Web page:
Saturday, June 18, 2011

Bishop Berkeley:  A Treatise Concerning the Principles of Human Knowledge.

Having finished this book, my final reaction is "With friends like these, who needs enemies?".  Berkeley claims that abstract thought leads to atheism.  He goes further to claim that as abstract thought has polluted the church, the church has been led unthinkingly towards atheism.  Then he launches a few rhetorical Scud Missiles (speaking abstractly) at mathematics, geometry and Newtonian mechanics.

The overall sense is a bit schizoid as Berkeley's ideas lead in multiple conflicting directions.  Other introductions to philosophers such as Hume and Kant say that it is clear that these writers have read Berkeley and been influenced by him, but they are loathe to admit it.  One thing that clearly shows up in other literature is that Berkeley had an out sized effect even though he was never considered a first rate philosopher:

"With all these defects, however, Berkeley's new conception marks a distinct stage of progress in human thought.  His true place in the history of speculation may be seen from the simple observation that the difficulties or obscurities in his scheme are really the points on which later philosophy has turned." - Encyclopedia Britannica, 1910, article on Bishop Berkeley.

The primary point that I see was that Berkeley dissed all that went before and asked "what about ME?".  Who needs dead, white, male philosophers?  What I perceive is the only thing that counts.  It is in no way a Christian viewpoint, yet he fervently insists that he is defending Christianity.  Thus, while Copernicus moved the center of the Solar System to the Sun, Berkeley moved the center of the philosophical Universe to the ME.  We can criticize Berkeley as being some sort of ignorant Christian Luddite on the one hand, but then we are faced with the fact that much of modernism has fanatically embraced this same ideology.  Indeed, the majority of Doctor of Philosophy degrees are awarded to people who have never read a single work of philosophy.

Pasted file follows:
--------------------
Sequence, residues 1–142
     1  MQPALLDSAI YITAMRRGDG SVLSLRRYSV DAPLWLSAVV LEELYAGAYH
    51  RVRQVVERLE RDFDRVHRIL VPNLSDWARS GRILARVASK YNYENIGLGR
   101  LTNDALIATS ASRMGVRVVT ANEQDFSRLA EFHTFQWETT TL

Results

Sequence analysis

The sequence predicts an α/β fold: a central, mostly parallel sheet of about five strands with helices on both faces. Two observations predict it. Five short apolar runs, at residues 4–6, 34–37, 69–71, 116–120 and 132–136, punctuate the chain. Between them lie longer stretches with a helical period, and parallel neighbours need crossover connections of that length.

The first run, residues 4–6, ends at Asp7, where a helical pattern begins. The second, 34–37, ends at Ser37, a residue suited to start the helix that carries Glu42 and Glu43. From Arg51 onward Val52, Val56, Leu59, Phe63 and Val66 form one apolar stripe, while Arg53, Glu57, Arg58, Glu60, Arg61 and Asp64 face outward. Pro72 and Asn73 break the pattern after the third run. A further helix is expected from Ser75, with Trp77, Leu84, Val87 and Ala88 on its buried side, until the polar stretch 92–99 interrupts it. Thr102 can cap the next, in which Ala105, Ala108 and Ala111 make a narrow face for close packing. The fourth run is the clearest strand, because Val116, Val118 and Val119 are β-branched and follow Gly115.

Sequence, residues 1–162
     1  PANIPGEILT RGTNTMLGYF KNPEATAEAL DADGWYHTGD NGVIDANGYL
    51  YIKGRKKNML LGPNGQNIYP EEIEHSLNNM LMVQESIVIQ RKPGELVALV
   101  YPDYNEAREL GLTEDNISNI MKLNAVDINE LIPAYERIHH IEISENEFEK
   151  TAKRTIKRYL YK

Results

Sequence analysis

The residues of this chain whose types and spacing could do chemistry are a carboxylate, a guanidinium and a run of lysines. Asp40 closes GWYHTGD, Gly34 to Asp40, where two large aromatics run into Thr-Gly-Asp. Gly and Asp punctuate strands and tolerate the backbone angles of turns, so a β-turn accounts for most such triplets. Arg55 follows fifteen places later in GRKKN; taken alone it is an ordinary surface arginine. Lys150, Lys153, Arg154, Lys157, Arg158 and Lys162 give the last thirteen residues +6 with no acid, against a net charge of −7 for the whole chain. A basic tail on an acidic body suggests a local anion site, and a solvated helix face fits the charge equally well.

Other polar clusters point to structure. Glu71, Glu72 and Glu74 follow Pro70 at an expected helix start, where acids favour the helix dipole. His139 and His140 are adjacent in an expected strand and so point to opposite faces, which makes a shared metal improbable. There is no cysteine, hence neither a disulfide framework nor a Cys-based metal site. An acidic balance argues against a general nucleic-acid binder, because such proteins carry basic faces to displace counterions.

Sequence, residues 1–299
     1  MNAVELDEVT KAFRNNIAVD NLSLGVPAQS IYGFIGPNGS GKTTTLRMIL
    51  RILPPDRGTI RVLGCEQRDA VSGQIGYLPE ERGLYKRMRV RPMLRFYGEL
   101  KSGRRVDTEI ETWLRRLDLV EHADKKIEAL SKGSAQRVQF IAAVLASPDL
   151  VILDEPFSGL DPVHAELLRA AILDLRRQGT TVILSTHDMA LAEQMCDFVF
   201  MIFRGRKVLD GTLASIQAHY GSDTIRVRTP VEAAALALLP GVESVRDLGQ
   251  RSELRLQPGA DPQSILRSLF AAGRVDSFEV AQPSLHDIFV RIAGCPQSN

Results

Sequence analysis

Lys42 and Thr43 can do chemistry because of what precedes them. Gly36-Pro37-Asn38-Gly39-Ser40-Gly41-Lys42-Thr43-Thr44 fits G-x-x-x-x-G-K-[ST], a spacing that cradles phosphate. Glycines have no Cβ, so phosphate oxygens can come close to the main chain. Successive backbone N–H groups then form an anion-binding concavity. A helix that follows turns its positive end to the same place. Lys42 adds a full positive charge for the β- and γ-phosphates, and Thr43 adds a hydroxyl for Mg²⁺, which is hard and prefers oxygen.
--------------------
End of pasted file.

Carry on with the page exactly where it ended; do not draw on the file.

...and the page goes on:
My last puzzle to ponder is this:  Although Berkeley has clearly embraced an ideology that isn't Christian, it doesn't deny Jesus Christ as Lord and Savior.  On the one hand I feel that he is badly in error, but on the other I cannot condemn him as a heretic.

2 comments:

Delirious said...

I have to applaud you for finishing the book. It was all I could do to make sense of the quotes that you posted. ;)

Looney said...

In this instance I would have had a very incomplete picture of Berkeley if I had not read all the way through.

Being sick was both a help and a hindrance. A help in that I took a day off from work and had more time. A hindrance in that my mind wasn't always clear.